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February 2022 data breach roundup | #cybersecurity | #cyberattack | #hacking | #aihp



By Legal Futures Associate Hayes Connor Solicitors

February saw several data breaches nationally, many of which were human errors.

It is notable that two of the February breaches were in the healthcare sector, with one significant matter concerning sensitive medical details that were mistakenly shared.

Read on to learn more about the various and most significant data breaches that happened in February 2022.

4,000 files stolen from the Scottish Environmental Protection Agency

Scotland’s auditor general revealed in February that Sepa experienced a ransomware attack on Christmas Eve 2020. The attack led to 1.2GB of data stolen, approximately 4,000 files, leaving £42 million unaccounted for, as reported by the National Cyber Security News Today.

MSPs on Holyrood’s Public Audit Committee spoke directly to Stephen Boyle, the auditor general for Scotland, who expressed “the majority of Sepa’s data, including underlying financial records were encrypted, stolen or lost.

“Sepa had to recreate accounting records from bank and HMRC records. This made it difficult for the auditor to gain sufficient evidence to substantiate around £42m of its income from contracts.”

Once Sepa was aware of the ransomware attack, Police Scotland launched an investigation into the matter where they made the decision that the likely culprits of the attack were an international, serious organised crime group.

Despite the attack, Sepa was able to continue services 24 hours after the attack. However, it continues to be unresolved, with systems still being rebuilt and reinstated.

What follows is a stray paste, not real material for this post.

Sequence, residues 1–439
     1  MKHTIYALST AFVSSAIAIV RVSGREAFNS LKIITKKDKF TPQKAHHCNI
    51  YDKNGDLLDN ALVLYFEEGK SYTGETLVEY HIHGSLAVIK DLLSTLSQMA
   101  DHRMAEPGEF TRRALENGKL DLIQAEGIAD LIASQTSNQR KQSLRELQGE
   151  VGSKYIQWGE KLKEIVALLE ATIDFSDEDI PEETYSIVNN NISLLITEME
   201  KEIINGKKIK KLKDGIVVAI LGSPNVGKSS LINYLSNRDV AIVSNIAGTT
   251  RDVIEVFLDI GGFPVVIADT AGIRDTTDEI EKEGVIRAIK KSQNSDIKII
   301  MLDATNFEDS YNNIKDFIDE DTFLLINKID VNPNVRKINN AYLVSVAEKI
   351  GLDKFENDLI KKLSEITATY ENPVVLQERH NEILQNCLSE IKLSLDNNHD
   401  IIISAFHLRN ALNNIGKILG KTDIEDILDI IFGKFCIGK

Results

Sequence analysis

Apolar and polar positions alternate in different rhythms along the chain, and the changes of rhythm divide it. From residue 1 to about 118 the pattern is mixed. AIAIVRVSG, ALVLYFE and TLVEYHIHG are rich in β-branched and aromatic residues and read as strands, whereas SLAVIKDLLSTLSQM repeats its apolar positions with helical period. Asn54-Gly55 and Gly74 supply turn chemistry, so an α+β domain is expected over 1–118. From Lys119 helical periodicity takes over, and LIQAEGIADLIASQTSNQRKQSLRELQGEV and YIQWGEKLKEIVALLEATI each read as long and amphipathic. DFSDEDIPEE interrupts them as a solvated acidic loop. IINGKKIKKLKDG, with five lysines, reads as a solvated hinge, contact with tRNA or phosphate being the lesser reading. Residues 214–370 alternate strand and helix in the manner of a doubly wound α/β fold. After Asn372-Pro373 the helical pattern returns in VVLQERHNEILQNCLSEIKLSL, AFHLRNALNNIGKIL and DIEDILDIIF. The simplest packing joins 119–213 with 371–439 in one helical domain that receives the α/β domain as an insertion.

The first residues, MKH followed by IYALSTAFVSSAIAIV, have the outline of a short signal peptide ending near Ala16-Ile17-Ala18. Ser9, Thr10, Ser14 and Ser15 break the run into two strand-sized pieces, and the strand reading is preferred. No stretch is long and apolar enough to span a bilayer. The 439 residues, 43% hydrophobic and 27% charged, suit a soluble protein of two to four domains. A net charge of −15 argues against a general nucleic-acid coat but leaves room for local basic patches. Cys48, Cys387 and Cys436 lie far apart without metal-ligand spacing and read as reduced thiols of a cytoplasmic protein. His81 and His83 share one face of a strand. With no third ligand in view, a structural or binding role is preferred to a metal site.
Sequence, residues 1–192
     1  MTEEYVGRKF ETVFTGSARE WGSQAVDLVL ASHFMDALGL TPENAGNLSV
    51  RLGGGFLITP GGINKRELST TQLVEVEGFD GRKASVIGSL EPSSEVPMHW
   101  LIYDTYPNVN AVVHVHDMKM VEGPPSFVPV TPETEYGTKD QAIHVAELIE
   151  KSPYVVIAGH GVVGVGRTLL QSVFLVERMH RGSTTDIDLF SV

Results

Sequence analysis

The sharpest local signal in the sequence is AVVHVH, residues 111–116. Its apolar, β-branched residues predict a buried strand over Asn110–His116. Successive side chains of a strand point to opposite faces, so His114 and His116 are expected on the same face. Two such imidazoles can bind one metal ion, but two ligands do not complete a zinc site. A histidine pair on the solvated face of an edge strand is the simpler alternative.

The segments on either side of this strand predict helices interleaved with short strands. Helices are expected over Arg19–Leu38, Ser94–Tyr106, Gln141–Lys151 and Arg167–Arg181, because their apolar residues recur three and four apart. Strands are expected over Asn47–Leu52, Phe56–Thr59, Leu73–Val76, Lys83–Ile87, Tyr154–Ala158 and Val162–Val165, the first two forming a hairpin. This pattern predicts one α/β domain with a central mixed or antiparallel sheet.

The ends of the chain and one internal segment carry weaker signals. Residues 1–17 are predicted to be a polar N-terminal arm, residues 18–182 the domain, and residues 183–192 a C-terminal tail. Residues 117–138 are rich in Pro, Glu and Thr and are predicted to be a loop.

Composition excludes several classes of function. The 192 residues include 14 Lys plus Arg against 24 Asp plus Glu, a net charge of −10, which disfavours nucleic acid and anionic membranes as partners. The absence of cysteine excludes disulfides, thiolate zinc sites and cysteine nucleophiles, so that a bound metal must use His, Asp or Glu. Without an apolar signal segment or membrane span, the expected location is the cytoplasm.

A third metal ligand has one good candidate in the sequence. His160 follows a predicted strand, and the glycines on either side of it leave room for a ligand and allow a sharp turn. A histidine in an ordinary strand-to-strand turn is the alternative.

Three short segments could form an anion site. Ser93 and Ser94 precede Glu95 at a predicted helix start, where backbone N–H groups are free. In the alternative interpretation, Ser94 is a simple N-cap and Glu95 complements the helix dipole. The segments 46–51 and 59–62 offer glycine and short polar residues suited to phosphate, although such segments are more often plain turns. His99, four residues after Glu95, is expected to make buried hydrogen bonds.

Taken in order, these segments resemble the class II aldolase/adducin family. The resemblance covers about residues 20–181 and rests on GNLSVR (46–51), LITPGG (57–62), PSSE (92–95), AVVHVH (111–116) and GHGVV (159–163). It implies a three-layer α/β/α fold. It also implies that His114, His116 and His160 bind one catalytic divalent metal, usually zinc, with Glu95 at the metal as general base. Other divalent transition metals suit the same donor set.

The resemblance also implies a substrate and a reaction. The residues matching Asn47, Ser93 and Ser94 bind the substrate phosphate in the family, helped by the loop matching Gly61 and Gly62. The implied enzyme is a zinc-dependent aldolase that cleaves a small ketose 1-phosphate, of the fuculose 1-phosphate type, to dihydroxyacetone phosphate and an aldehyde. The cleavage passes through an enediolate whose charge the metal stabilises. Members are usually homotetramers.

It’s so far believed that the ransomware attack has cost £1.2 million, but Mr Boyle, stated “The full financial impact is not yet known.

“Sepa will therefore continue to face financial and operational challenges in the years to come.”

It seems that a phishing email led to the attacks on the the system, with a member of staff clicking the link in human error.

Isle of Man kettle safety control firm face cyber attack

ITV News shared that an Isle of White firm, Strix Group, which makes kettle safety controls, were targeted by cyber hackers.

The cyber hackers are presumed to be based in Russia. Since the country’s invasion of Ukraine, Russia’s cyber capabilities seem to have been increased by authorities, resulting in more attacks from Russian origins.

The Strix group revealed that during the attack, only their UK and island servers were affected. They certified that no customer’s order or sales had been impacted by the cyber attack. A spokesperson stated, “all businesses within the Group remaining operational.”

The Strix group reacted quickly to the attack, saying that they “immediately engaged external specialists and took precautionary measures”. There was an immediate investigation into the incident, and whilst this occurred, they took their systems offline.

Business is back to normal for the company, although they are taking precautions and have appointed cyber security experts to prevent such an attack from happening again in the near future.

Four serious breaches reported by Redcar and Cleveland Borough Council

Darlington & Stockton Times reported in February that the Redcar and Cleveland Borough Council faced 60 data breaches in 2021, four of which were severe enough that they had to be reported to the ICO for investigation.

The particular breaches included two similar incidents in which several reports and paperwork were disclosed to individuals by mistake. A third incident was where a report containing sensitive information was reported to have never arrived at its intended location, there is no update as to whether this was found. The final breach was down to “unauthorised access” and the subsequent disclosure of information.

In response to the four reported breaches, the ICO stated that they were “content with the actions already taken by the council.

“The cases were closed without enforcement action or fine, although the council was asked to monitor and report back to the ICO if any detriment was subsequently identified as having been caused.”

The council had its fair share of data breaches in 2021, which the ICO expressed is common for a council of its size.